Upgrading tyres: All you need to know
3rd Sep 2019 8:00 am
Upsizing wheels and tyres is a growing trend. We help you find the right balance between aesthetics, drive experience and safety.
Tyres are a crucial part of everyday motoring, as multiple factors like ride quality, road noise and braking are dependent on them. And while most people stick to the stock set, upgrading wheels and tyres is now a growing trend.
However, is it really necessary to upgrade? What if you want to stick to the stock wheel-tyre combo? That's not an issue at all. Manufacturers do extensive research and testing before finalising the right size of wheel and tyre to achieve the right balance between performance, comfort and efficiency. Although in some cases, cars are under-tyred in the interest of efficiency. So if you would like to upsize for better performance, or even aesthetics, we have simplified it for you. But before getting into that, let’s first give you a better understanding of tyre markings.
What’s the right size?
One of the things to keep in mind while upsizing is to not move too far away from the standard total diameter of the tyre.This creates problems with the ride and handling balance, causes damage to suspension components, maybe even to the wheel arches. Also the width should not be beyond the wheel arch for safety reasons, and to prevent the tyre from grazing the wheel arch when turning. Bear in mind that a wider tyre will help the stability of the car and increase grip. The ride quality will improve, but on the flip side, it will reduce the car’s top speed, affect fuel efficiency and increase the steering effort. Also, a larger rim with a smaller sidewall will help cornering grip due to less sidewall flex but this will impact ride quality.
While upsizing, it is recommended to stay within 3 percent from the total diameter of the tyre. Tyre width is inversely proportional to the sidewall height, so if you want to go for wider tyres, the corresponding sidewall height will have to go down.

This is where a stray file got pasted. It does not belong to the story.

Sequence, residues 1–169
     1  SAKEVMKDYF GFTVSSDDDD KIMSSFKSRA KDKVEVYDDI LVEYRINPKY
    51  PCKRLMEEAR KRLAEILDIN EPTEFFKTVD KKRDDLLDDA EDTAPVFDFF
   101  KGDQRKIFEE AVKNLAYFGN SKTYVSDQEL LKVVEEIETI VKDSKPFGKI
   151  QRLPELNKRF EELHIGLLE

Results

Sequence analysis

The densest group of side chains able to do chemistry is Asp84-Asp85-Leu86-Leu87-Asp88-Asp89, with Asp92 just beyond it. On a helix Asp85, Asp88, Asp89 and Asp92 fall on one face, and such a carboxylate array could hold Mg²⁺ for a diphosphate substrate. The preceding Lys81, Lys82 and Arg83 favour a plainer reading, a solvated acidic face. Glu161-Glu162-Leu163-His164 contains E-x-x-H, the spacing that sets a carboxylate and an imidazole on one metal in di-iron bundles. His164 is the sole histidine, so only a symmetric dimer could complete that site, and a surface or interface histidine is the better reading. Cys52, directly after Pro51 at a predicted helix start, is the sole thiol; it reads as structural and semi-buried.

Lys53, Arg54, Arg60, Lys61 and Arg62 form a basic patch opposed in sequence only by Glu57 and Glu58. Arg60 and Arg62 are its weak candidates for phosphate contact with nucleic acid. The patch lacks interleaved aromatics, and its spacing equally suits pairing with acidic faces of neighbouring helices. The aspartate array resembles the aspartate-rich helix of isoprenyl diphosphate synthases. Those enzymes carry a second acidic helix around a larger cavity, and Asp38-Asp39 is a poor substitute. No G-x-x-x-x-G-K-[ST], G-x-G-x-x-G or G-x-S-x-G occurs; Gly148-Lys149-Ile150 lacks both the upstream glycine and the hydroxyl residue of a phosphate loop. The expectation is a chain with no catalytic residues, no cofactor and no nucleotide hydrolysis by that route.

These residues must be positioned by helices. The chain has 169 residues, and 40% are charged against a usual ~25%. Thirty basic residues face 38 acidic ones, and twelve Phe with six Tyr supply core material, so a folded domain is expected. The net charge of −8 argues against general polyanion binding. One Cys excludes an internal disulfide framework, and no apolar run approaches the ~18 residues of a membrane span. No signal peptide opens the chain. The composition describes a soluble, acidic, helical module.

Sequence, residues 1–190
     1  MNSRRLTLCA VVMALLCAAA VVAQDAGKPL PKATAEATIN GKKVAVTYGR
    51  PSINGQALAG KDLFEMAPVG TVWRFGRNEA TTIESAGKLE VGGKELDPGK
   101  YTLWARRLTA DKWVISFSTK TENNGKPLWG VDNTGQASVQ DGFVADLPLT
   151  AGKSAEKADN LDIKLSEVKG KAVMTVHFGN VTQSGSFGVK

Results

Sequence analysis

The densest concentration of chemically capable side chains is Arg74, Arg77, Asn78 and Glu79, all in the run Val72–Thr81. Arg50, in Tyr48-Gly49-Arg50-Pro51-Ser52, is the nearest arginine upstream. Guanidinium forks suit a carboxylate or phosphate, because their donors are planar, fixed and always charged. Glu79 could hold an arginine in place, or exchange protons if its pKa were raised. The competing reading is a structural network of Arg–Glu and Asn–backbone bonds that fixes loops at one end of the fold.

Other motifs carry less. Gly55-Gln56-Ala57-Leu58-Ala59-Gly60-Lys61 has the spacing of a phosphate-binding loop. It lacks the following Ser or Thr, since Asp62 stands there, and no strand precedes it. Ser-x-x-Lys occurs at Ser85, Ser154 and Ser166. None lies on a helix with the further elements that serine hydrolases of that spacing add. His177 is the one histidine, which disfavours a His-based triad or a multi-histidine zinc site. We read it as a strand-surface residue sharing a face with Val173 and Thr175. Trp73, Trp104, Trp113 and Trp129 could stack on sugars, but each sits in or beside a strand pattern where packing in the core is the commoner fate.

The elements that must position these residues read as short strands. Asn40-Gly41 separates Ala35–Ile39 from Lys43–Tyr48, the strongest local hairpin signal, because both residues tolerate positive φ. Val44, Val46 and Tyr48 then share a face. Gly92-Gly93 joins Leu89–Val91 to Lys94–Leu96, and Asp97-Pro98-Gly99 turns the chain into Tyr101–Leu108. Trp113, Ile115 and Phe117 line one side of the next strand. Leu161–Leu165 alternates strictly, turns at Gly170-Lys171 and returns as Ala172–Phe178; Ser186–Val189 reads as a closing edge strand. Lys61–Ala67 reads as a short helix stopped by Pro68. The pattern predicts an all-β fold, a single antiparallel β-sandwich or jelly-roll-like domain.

Let’s use the Swift Z variant as an example and upsize it for easier understanding. You can calculate the total diameter of the tyre by adding the wheel rim size to the sidewall size. The Z variant has 185/65 R15 tyres. Here, 185 is the width in millimetre, 65 is the aspect ratio and 15 is the rim diameter in inches (1 inch = 25.4 mm).
Total diameter of the tyre
= (Sidewall width) x 2 + rim diameter
= (65 percent of 185) x 2 + (15 x 25.4) mm
Now, you can keep the rim size constant and go for wider tyres, or get different profile tyres. Below are some of the options to which you can upgrade, which are within the 3 percent range of the standard total diameter of the tyre.
For 15-inch rims -
215/60 R15 (2.82 percent),
205/60 R15 (0.89 percent)
For 16-inch rims -
225/50 R16 (1.59 percent),
205/55 R16 (1.67 percent)
For 17-inch rims -
255/40 R17 (2.3 percent),
225/45 R17 (2.06 percent)
Remember, don't move too far away from the standard total diameter of the tyre.
Upsizing is surely the way to go if you want to enhance your car’s ride and handling characteristics. However, you have to understand the pros and cons and upsize accordingly. Do your research thoroughly and find a size that best suits your requirements. Don't go by a tyre size based on the dealer's recommendation, as he could be just trying to clear stock. Done right, upsizing can also improve the safety of your vehicle and deliver an enjoyable drive experience in addition to the improved aesthetics.
Everything you need to know about tyres